In our family law and divorce practice, clients often ask, “How does child support affect taxes?” They are well aware that during their marriage, they received tax benefits for claiming their children as dependents. These tax breaks can include a higher standard deduction, an exemption for each dependent child, a deduction for childcare costs, a deduction for educational expenses, and a child tax credit. Most of our clients shared these benefits by filing jointly, but those days will soon be over. So, parents who anticipate paying child support naturally feel they should continue to claim their children as dependents, and those receiving child support fear they might lose a tax deduction. Yet, this isn’t the way it works in the law.
Which Parent Gets the Child Tax Benefit?
In most cases, U.S. tax law grants the child tax benefit to the parent who is the primary caretaker, i.e., the custodial parent. This is the parent with whom the children live most of the time. This parent is also usually the recipient of child custody payments. “So,” you ask, “the parent who’s getting paid child support also gets to claim the kids on their tax form? Isn’t that double-dipping?” At first blush, it certainly seems that way.
However, there is some logic behind the government’s position. When the parents are married, they are both supporting the children, whether by earning income for the household, acting as a caregiver, or both. The law presumes parental contributions to the raising of their children to have equal value. An order of child support doesn’t impose a new duty on the payee; it is meant to ensure that both parents continue to support their children at the standard of living established during the marriage.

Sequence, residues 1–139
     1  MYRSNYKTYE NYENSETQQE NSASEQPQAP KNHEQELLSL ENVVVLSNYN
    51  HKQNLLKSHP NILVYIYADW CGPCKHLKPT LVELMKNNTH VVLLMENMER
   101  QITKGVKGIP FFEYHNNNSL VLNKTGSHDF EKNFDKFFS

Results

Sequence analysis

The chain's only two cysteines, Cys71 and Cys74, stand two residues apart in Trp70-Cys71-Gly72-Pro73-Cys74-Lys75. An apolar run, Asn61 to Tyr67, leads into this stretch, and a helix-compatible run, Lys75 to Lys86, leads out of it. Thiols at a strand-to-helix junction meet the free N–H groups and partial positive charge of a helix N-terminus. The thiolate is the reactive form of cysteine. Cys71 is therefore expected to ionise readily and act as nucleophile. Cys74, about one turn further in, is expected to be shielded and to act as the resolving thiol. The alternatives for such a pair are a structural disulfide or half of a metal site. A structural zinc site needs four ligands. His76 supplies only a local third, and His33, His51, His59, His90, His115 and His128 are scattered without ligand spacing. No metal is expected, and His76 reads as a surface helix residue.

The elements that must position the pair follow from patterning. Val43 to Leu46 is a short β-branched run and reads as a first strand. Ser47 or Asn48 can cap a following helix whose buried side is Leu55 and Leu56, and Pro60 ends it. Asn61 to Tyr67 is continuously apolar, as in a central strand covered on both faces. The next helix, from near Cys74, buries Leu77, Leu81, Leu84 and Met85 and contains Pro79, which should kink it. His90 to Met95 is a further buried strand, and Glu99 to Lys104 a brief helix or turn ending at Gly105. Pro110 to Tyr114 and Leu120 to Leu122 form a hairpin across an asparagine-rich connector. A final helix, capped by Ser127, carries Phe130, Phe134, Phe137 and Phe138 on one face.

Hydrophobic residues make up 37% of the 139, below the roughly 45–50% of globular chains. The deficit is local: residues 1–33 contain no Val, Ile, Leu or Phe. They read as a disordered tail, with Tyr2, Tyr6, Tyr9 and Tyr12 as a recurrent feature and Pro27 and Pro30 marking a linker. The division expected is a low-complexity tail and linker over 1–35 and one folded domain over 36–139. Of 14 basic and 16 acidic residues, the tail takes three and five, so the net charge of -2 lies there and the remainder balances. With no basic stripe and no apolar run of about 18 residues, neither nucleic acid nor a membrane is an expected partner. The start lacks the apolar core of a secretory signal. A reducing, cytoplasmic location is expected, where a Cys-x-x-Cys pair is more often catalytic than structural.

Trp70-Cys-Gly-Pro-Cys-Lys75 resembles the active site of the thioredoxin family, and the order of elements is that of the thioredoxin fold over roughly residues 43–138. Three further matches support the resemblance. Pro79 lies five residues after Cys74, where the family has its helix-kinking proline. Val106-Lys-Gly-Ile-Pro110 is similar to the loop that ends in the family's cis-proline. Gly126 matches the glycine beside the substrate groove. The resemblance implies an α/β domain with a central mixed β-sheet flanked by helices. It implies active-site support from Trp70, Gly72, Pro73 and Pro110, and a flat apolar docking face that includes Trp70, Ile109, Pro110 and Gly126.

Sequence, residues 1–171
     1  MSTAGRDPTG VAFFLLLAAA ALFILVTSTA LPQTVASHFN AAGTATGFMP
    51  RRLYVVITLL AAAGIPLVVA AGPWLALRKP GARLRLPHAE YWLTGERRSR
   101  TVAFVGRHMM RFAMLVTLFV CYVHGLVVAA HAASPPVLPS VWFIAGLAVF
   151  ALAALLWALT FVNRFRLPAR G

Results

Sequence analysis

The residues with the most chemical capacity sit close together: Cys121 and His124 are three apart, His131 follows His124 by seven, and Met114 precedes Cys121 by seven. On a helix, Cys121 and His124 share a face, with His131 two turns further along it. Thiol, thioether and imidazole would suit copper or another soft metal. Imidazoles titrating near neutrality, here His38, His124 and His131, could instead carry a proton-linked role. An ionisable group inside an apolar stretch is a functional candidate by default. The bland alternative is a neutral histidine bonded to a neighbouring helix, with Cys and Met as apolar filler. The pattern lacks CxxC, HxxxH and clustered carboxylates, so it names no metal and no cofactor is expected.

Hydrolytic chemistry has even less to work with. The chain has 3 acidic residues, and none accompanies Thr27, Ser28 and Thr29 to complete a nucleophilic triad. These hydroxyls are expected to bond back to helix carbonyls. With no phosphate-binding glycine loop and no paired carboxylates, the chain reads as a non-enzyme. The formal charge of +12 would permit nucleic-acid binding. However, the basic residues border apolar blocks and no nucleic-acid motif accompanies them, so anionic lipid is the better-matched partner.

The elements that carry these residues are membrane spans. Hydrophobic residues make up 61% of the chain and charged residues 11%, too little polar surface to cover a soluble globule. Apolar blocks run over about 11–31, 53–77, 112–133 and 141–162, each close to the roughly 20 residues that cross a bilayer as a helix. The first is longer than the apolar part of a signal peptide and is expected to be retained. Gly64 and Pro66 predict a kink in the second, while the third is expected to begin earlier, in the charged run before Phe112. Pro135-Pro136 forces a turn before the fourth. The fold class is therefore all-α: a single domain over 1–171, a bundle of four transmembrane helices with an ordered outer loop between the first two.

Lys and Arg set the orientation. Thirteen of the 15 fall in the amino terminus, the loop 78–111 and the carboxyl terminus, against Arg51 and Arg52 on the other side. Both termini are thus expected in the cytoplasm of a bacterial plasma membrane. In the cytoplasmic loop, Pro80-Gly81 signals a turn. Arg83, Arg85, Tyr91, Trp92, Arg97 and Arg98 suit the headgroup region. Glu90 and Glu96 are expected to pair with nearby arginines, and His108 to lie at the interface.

Child Support Is Not Taxable or Deductible
Child support really has no direct bearing on taxes. Recipients do not claim child support as income. Payees do not claim support as a deduction. The parent with whom the child lives most of the time is allowed the deduction.
Yet, this arrangement may not provide the greatest benefit for the parents. The recipient parent is often the lower earner, so the tax deduction provides less of a benefit than it would for the top-earning, payee parent. For example, if the recipient is taxed at 15 percent and the payee is taxed at 35 percent, giving the benefit to the child support recipient loses money. Over time, those losses can be substantial.
How to Maximize Your Child Tax Benefit After Divorce
Fortunately, there is a way around this conundrum. The custodial parent can cede the tax deduction voluntarily to the noncustodial parent by filling out an IRS Form 8332. Once that form is filed, the noncustodial parent can claim the child tax benefit. Why would the recipient spouse surrender the child tax benefit? Generally, this involves some negotiation, where the payee agrees to raise the amount of support in exchange for the right to claim the children as dependents.
On the other hand, if the recipient spouse’s income is very low, claiming the dependent child could make that parent eligible for a Child and Dependent Care Tax Credit. This could mean additional tax breaks for some childcare expenses, such as daycare, babysitters, camps, and after-school care.
Because every family situation is different, you need to get personalized attention from a knowledgeable and experienced family law attorney. Be sure you select a strong advocate, who will uphold your rights, while working to find creative solutions that deliver the best tax benefits for your child custody and support agreement.